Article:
Rob Shafir, head of private banking and wealth management and CEO of the Americas region for Credit Suisse, weighed in as well in the statement: “Credit Suisse remains committed to continuing to provide ultrahigh-net-worth U.S. clients with a strong investment banking and asset management institutional offering.”

Back to banking

John Furey: Global banks are coming to the conclusion that the model is broken and divesting is the best alternative.
John Furey: Global banks are coming
to the conclusion that the model
is broken and divesting is the
best alternative.

One way that Wells can make Credit Suisse advisors comfortable is with Credit Suisse investment banking services: Wells Fargo and Credit Suisse expect to strategically expand their relationship to make additional Credit Suisse Investment Banking and Asset Management offerings available to the Wells Fargo distribution network.

But with firms like Barclays and Credit Suisse unilaterally disarming themselves of retail brokerage forces, there is an obvious conclusion to draw, according to Furey.

“Global banks are coming to the conclusion that the model is broken and divesting is the best alternative.”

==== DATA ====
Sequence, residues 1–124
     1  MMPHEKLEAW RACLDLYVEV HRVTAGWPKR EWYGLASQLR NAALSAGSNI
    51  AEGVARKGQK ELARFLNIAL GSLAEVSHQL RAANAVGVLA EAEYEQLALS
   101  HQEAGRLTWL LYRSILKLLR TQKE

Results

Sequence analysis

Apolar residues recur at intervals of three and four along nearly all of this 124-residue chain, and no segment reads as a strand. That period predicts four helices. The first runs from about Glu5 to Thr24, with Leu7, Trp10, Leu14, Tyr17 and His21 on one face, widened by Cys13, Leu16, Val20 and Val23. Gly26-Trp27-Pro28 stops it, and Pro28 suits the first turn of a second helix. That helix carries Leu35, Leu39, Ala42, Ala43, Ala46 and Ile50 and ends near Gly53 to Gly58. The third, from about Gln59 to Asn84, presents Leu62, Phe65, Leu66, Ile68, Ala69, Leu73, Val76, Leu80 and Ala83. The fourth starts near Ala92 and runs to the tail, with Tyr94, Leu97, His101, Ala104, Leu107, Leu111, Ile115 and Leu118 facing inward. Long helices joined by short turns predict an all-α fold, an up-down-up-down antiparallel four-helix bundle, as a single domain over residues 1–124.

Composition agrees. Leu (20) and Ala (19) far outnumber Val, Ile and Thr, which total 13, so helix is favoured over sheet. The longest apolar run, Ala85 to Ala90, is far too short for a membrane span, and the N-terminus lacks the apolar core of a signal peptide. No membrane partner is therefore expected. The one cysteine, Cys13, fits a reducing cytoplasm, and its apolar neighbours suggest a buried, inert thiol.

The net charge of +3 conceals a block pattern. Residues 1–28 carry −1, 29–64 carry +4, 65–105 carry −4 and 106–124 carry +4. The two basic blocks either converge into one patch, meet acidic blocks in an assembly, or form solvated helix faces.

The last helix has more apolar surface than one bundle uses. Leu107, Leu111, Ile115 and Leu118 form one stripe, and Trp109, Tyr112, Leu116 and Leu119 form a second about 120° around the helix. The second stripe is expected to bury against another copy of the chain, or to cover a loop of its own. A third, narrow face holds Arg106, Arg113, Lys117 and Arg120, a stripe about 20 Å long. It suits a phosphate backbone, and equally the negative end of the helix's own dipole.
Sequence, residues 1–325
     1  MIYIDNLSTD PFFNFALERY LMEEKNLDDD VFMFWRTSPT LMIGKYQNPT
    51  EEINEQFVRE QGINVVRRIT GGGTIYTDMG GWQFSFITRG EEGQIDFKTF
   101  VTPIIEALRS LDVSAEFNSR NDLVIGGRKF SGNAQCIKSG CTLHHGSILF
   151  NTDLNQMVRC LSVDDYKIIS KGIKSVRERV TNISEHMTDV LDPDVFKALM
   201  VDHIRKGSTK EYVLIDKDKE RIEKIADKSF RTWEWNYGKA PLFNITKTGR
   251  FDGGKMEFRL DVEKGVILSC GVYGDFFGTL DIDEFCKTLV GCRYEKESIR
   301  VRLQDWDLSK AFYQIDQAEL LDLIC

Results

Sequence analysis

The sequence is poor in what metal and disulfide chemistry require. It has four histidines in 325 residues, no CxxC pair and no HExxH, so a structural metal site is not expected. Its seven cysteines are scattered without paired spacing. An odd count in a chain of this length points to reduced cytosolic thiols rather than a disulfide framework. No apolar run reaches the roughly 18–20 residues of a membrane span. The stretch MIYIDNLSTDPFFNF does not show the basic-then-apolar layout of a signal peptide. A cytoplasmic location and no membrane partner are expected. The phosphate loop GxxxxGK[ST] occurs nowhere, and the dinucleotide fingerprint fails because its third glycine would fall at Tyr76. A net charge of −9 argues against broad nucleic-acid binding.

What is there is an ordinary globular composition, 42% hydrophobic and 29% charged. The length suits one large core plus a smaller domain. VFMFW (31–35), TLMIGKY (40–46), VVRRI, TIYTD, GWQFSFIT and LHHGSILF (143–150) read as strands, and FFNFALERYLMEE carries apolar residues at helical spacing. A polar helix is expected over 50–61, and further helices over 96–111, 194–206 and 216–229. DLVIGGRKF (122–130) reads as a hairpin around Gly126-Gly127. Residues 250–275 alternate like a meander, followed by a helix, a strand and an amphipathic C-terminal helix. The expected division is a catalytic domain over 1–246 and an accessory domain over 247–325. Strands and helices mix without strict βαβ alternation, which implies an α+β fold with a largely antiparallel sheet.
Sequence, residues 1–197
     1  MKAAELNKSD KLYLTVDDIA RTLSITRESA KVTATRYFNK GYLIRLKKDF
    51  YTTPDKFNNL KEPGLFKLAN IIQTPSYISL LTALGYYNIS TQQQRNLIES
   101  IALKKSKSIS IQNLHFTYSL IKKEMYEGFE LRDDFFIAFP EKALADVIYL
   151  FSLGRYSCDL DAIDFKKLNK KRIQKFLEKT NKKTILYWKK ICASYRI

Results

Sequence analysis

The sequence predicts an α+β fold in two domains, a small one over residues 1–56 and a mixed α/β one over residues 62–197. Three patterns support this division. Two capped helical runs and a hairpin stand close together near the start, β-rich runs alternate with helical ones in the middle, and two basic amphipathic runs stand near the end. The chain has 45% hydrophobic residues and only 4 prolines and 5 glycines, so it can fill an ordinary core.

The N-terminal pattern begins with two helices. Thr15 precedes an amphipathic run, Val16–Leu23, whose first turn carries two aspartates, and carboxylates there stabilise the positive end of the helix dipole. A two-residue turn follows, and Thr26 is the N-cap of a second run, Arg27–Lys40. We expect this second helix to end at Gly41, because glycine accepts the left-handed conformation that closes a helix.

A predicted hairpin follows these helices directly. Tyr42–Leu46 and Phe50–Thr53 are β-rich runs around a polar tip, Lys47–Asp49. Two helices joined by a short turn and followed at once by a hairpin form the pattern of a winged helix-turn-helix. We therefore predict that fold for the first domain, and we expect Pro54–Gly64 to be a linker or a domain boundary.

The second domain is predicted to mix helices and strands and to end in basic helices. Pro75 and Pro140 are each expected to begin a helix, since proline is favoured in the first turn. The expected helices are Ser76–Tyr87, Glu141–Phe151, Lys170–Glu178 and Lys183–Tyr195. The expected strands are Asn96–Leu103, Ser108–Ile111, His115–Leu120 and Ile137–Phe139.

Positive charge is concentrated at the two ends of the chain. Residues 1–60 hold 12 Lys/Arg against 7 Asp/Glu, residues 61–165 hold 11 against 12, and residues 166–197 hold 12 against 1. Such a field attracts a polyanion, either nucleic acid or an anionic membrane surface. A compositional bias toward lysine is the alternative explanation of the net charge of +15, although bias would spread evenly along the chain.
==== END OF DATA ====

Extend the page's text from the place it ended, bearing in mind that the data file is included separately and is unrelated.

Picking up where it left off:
Credit Suisse yesterday reported a 31% decline in pretax profit at its private banking and wealth management unit.

Swiss banking troubles

Though Credit Suisse came through the 2008-2009 banking crisis relatively unscathed, Germany, Brazil, and the United States, from 2008 to 2012, began investigations into the people’s use of Credit Suisse accounts to evade taxes. In May 2014, the company pleaded guilty and agreed to pay $2.6 billion in fines. See: A Swiss RIA advisor reports on a Zurich event aimed at shaping, saving Swiss wealth management in the wake of purging American clients.

Credit Suisse can presumably absorb these blows given that its revenues, for instance, in 2013 were more than $25 billion with about $2.3 billion falling to the bottom line. The bank employs about 45,000 globally.


Mentioned in this article:

Advisor Growth Strategies, LLC
Consulting Firm
Top Executive: John Furey

Sanctuary Wealth Services
Specialized Breakaway Service
Top Executive: Jeff Spears



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Elmer Rich III said:

October 22, 2015 — 5:21 PM UTC

“Smart money leaves first.”